The Monday Market Minute
- Global stocks edge cautiously higher as investors continue to focus on developments in the U.S. corporate earnings season and rising geo-political risks.
- China stocks tumble, with the Shanghai Composite falling 2.2%, after weaker industrial profit data and further signs of slowing growth in the world's second largest economy.
- European stocks book modestly gains, with HSBC shares pacing the financial sector, even as political risks in Germany, Italy and the United Kingdom continue to weigh on investor sentiment.
- U.S. futures indicate a 230-point opening bell gain for the Dow ahead of an active week of earnings highlighted by updates from Facebook and Apple.
Global stocks rebounded Monday, with U.S. equity futures pointing to a positive start to the trading week, amid a collection of political and economic risks that. alongside slowing U.S. corporate earnings, cloud the near-term outlook for risk markets ahead of next week's mid-term elections in the United States.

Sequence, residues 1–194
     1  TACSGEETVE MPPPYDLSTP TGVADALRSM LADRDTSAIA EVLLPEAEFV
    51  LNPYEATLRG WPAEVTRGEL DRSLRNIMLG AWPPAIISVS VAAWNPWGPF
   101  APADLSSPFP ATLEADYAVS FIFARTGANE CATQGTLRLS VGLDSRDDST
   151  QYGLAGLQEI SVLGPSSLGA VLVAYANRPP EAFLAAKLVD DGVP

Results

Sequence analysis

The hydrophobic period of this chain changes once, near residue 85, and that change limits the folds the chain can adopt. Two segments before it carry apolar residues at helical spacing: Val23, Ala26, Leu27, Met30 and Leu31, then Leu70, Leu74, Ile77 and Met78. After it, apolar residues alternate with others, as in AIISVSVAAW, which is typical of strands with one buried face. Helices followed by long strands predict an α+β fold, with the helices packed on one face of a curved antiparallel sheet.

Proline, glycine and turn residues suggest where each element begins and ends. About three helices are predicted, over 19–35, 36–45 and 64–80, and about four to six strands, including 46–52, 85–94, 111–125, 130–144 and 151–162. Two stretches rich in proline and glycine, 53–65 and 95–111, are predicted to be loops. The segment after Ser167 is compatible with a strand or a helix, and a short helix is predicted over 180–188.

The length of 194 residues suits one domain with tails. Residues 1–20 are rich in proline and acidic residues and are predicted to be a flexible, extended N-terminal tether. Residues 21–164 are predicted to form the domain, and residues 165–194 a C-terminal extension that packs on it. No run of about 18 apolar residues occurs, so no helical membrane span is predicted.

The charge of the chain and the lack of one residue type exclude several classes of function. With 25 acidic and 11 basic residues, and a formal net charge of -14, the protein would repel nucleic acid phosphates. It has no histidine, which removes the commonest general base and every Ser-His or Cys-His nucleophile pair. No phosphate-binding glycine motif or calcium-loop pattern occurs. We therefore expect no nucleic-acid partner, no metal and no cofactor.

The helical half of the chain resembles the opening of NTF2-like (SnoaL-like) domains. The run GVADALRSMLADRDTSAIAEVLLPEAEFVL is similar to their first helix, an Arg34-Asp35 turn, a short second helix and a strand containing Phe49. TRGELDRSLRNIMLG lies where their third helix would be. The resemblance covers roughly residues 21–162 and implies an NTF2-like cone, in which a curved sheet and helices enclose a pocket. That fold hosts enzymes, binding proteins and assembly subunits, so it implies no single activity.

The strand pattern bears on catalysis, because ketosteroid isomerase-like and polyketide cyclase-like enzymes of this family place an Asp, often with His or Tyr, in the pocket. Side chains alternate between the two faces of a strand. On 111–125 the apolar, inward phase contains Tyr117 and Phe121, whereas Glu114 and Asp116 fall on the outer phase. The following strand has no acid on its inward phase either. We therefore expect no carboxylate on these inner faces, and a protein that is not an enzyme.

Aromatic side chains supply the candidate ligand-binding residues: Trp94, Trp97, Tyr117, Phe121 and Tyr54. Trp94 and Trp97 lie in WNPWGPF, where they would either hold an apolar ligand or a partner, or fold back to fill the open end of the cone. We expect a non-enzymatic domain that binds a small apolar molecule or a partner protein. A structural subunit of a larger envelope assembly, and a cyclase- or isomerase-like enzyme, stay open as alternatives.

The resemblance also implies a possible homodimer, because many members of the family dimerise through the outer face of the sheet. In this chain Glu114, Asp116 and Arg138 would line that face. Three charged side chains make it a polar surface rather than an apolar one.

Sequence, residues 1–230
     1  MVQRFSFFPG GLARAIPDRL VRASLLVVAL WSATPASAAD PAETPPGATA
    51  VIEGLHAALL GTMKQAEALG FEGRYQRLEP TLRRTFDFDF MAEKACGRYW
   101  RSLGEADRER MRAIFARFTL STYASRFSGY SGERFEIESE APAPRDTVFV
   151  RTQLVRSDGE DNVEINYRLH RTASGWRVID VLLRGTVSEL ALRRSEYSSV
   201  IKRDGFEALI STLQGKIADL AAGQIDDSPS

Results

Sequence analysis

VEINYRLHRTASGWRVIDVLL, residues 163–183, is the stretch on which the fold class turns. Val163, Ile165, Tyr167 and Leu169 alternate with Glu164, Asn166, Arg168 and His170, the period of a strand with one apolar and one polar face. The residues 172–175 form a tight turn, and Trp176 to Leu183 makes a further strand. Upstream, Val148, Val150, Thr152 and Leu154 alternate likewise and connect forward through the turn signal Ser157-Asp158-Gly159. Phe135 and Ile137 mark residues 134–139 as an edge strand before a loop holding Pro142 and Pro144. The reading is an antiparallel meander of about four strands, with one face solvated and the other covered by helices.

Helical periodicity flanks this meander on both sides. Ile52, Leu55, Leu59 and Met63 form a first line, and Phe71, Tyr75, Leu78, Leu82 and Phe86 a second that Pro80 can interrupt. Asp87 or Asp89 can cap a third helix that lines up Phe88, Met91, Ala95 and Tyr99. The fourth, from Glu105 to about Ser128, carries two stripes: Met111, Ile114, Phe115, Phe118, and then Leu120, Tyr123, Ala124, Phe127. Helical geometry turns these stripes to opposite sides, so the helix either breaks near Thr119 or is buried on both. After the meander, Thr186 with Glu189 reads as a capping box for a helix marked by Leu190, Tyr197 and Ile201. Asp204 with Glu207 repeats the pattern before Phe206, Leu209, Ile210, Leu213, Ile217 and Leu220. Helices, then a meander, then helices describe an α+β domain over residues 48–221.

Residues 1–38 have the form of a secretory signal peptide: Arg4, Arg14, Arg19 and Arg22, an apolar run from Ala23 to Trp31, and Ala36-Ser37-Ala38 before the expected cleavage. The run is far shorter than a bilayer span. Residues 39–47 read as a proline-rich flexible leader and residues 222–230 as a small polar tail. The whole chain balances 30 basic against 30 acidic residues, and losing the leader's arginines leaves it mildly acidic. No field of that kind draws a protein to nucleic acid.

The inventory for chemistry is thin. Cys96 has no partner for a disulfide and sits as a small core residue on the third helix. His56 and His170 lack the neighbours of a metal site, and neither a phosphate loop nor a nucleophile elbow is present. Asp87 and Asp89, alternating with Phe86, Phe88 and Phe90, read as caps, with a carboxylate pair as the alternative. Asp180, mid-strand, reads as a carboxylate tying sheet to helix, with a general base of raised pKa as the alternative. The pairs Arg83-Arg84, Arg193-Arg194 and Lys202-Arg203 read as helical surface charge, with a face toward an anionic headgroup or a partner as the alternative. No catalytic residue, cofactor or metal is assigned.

Investors' chief concern at present appears to be the weakening outlook for U.S. corporate profits as we reach the mid-point of the third quarter earnings season in which fewer companies are beating Street forecasts for revenues and some of the biggest names across a variety of sectors -- from Caterpillar (CAT) - Get Caterpillar Inc. Report to Amazon (AMZN) - Get Amazon.com, Inc. Report -- are issuing cautious forecasts for the months ahead. That dynamic pulled domestic stocks to their lowest level since early spring last week, with both the Dow Jones Industrial Average I:DJI and the broader S&P 500 undefined slipping into negative territory for the year, and echoed through markets all over the world into the start of trading today.
Geopolitical risks, however, are likely to take center stage in early trading as Britain prepares its annual budget statement amid speculation that finance minister Phillip Hammond will allude to economic risks associated with its withdraw from the European Union as he sets aside cash to cushion the impact of a so-called Hard Brexit. Regional elections in Germany over the weekend have also rattled investors after Angela Merkel's ruling Christian Democrats had their weakest outing in the state of Hesse -- home to the financial capital of Frankfurt -- since the Second Word War as the far right Afd party gained more than 12% support.